The practice of collaborative innovation, with its use of crowdsourcing and games, has garnered a lot of attention. Its ties to social media endow it with a halo effect. People accept engaging colleagues in novel ways to define the organization’s strategic intent, idea by idea and campaign by campaign, as a universal good.
New practices introduce changes that benefit some and harm—or limit the opportunities—of others, however. People who want their organizations to embrace the practice of collaborative innovation must tend to the latter group. If they do not, then those people will subvert the initiative because they perceive downside, only. Human nature reflects the jungle, not the garden.
In this article I identify winners and losers that the practice creates. I pose questions that verbalize the latter’s concerns. Campaign teams increase the odds that their organizations embrace the practice when they engage each party in the early phases of their work.
Campaign teams worry that they will fail to elicit interest from potential sponsors in the organization. They throw a party. Nobody comes. What I observe, in reality, is that campaign teams find themselves with an overabundance of sponsors—especially after the team has run the first, successful campaign. Success breeds success. Demand outstrips supply.
Here, the winners are the people—often senior leaders—who find themselves at the front of the queue. The losers are those who find themselves at the back. Perhaps the organization has embraced innovation as a core element of strategy. Perhaps the latter want to embrace the practice to express leadership and support for the strategy. The program cannot accommodate them.
The campaign team has two critical questions to address.
The losers resent their place in line. They may use their power to work against the practice if they feel the campaign team has played favorites. Do not assume they accept the status quo.
Imagine that you manage a brilliant campaign. Three members of the community, in particular, have contributed compelling ideas that resonate. The sponsors want to pursue them. Further, the three contributors, to their credit, see an opportunity to more fully realize their leadership potential by pursuing the ideas from the front to the back ends of innovation. The sponsors—senior executives—choose to give them this opportunity as both a reward and as a powerful message to the organization that they support employee development.
Who loses? The people who depend on the three to do their day jobs suffer. The loss intensifies in operational environments (e.g., assembly and customer service groups), where losing a person in whole or part can seriously hurt performance. Often, the organization identifies a middle manager to own the performance metric tied to their work. They tie their compensation to the number.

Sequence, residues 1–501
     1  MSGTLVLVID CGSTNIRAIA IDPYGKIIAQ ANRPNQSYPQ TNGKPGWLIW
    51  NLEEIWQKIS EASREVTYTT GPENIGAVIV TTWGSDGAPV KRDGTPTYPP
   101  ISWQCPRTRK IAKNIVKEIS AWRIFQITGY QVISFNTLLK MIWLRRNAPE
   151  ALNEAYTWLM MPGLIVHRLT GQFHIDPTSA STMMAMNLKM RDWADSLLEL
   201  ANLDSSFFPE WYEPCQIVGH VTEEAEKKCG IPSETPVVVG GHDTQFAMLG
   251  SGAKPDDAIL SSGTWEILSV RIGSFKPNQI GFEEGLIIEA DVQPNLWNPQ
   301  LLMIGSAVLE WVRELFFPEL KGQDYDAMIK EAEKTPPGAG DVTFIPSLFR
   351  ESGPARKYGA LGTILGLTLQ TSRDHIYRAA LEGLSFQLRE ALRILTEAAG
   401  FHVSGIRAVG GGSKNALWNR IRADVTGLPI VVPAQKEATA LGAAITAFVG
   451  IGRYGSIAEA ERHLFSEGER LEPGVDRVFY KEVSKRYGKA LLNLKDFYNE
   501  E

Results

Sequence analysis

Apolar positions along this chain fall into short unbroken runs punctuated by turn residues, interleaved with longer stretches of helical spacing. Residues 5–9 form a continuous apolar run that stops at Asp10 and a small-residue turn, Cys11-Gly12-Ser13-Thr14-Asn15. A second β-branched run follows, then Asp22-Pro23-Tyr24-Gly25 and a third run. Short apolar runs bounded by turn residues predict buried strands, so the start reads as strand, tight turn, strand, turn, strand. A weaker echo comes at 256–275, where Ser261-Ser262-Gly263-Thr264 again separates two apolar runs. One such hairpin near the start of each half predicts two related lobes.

The campaign team has three critical questions on the issue of fairness to resolve.
I do not see cases where an organization can implement an idea directly as the outcome of a collaborative innovation campaign, with no loss or disruption to existing work. A commitment to practice collaborative innovation requires, by extension, a commitment to incubate the ideas and the innovators that emerge.
Campaign team members have day jobs, too: taxing day jobs. Thus, embarking on the practice of collaborative innovation represents another item on their “to do” list, regardless of how powerful and compelling the approach seems to them. The sponsor, for example, may expect campaign team members to lend their expertise in evaluating ideas that resonate with the crowd. A campaign that surfaces 100 ideas represents a substantial commitment if people need 30 minutes to review each one.
The overworked campaign team member suffers as the loser.
People who manage their organization’s collaborative innovation program do well to address this issue of fairness. Otherwise, they risk losing the member’s support and, potentially, critical subject matter expertise should the sponsor want to run a subsequent campaign.
Here, the campaign team has several questions to address.
So often, people ask others to participate in activities, regardless of whether the requestor can articulate the benefit of their doing so. A discussion within the organization on this front, followed by a refiguring of performance objectives, may make a lot of sense and help people get on the same page in terms of what contributes a good use of time.
Organizations that rely on annual reviews to assess and reward performance have an opportunity to incorporate the practice of collaborative innovation into their scheme in order to ensure alignment, for example.
Campaign teams immerse themselves in the mechanics of developing and launching campaigns. Understandable. The practice of collaborative innovation represents a new frontier for the organization. They want to master the work.
Yet, the initiative succeeds by how well the campaign team engages the losers that the practice creates. The mechanics of the practice become easier—possible, even—when they succeed in doing so. Fail to do so, and the campaign team sets itself up for an untold number of unpleasant surprises.
To this end, consider using a simple pro-con chart to capture your thinking and plan your engagements with the parties. Figure 1 shows an example. Your program will generate its own list and questions.
Figure 1: pro con list to identify people who may be harmed by the practice of collaborative innovation